Nelson/Marlborough Reel Life November 2017

Guides & lodge fund Marlborough fish releases 

Rainbow trout were released into four Marlborough waterways this week as part of Nelson / Marlborough Fish & Game’s fishery enhancement programme. 

The releases carried out were funded by Nelson / Marlborough fishing guides and Owen River Lodge.

Four releases of 100 fish were carried out into the Taylor River, Spring Creek and two Pelorus tributaries.

Above right: 200 tagged fish were put into the Opouri River and an upper Pelorus tributary. The Spring Creek and Taylor River rainbows were not tagged. 

The releases into Taylor River and Spring Creek were carried out to provide close-to-town options for anglers, in particular juniors from Blenheim who delight in the chance to catch trout in the Taylor River junior fishery. 

The releases were praised by the Marlborough Freshwater Anglers Club. 

Spokesman Barrie Clark says that both Spring Creek and the Taylor River are treasured by local anglers who recall previous times when they provided an outstanding angling experience.

"Our members are excited at the possibility of casting to rainbow trout in a waterway close to town.

"We also applaud Fish and Game for its great work in providing opportunities for the youth of Blenheim, who can now more readily enjoy success and learn skills out on a local river”.

Releases were also carried out into the Opouri River near Rai Valley, and the upper Pelorus tributary which have suffered from recruitment issues as a result of large flood events.

Putting one kilogram-plus fish into these waterways allows trout to bypass the high mortality rate that juvenile fish in these rivers experience. These fish are identified with coloured numbered tags. 

Fish & Game is keen to hear from anglers who catch any of these trout.

Fish & Game Manager Rhys Barrier says it's great to see the guiding industry funding some fish releases which will primarily benefit New Zealand anglers. 

“Fishing guides often cop a lot of flak from resident New Zealand anglers, however many  actually contribute to the management of the fishery resource through casting clinics, voluntary ranger activity, and more recently sponsorship of fish releases.”

Earlier in October 400  one to 1.5 kg rainbow trout were also released into the upper Leatham and Branch River catchments, funded by TrustPower as mitigation for the impacts of the Branch hydro-electric power scheme.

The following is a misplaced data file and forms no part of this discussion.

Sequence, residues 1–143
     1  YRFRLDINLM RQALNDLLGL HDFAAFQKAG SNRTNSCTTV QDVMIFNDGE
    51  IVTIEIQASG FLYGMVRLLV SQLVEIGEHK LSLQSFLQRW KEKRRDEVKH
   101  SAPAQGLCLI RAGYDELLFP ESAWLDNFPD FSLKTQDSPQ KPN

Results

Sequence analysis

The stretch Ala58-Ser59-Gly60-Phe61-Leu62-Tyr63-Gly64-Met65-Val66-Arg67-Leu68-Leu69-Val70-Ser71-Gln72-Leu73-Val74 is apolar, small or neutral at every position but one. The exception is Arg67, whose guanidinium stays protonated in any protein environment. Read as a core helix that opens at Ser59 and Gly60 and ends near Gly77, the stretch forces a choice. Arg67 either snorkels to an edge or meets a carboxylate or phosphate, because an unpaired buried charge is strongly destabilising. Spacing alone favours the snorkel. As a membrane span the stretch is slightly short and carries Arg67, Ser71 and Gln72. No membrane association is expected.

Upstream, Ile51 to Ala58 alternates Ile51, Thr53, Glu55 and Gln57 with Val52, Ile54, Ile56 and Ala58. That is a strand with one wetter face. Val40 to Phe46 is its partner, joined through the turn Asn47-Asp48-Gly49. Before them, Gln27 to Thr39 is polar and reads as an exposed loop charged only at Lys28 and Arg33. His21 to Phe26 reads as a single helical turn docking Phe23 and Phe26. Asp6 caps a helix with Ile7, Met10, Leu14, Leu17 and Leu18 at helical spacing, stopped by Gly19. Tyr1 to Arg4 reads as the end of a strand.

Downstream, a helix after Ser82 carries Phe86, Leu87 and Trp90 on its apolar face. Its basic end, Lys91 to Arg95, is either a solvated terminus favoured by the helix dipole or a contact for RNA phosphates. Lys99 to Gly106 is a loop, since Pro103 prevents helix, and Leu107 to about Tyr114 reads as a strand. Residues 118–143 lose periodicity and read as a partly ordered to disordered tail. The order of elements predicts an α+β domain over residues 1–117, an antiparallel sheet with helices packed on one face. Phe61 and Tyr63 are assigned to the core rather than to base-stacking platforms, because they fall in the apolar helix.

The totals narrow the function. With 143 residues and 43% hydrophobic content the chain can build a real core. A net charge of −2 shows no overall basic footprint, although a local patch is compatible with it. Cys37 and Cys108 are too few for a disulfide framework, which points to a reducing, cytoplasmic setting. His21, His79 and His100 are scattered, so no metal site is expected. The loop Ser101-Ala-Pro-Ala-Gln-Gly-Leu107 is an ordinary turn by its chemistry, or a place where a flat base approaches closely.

Staff urge existing licenceholders, or those wishing to give freshwater angling a try for the first time, to get out and make the most of these new fish, which should be slightly easier to catch than their wild cousins, and will make fine table fare.  

Drift diving in full swing

With a period of settled weather, rivers are running low and clear - which means the drift dive season is now in full swing. 

Spring Creek was dived in mid-November which saw a rise in rainbow trout as a result of fish releases carried out in June and August.

As a ground-fed river with stable flows, Spring Creek is free from flood events which is the primary population driver in rain-fed rivers, so survival should be high. 

In this 1.3km stretch, 14 rainbows were counted all of which appeared to be in good condition. Averaged out over the course of the river, it could be projected that there is now a decent population of small to medium fish, now boosted further by a tanker load of 100 1kg fish at O’Dwyers Road and Hillocks Road, after the dive was completed. 

There is a high likelihood that some fish will migrate downstream to build up the lower Wairau rainbow population – one of the release programme's other objectives.

grsphThe Opouri dive was again disappointing with low numbers of fish seen. 

None of the 767 fingerlings seen in last year’s dive have stayed around in the system translating to small-sized fish. 

This is often the case for the Opouri and is attributed to both a high mortality rate from flood events and also downstream migration into the Rai/Pelorus. 

Left: Rainbow trout are appearing in Spring Creek as a result of recent trout releases.

This is one reason why Fish & Game staff have begun a restocking programme in this river, which can support far more fish than are currently in residence (as noted with an incredibly abundant food supply on offer). 

Staff hope the 100 ~1kg fish released into this river will be of benefit to anglers with another release scheduled for later in the summer, encouraging anglers to go out and target these fish. 

Lake Argyle anglers notice

Lake Argyle will be closed to the public on 9/10 December for a powerboat event.

Jacob Lucas, Nelson Marlborough Fish & Game Officer.

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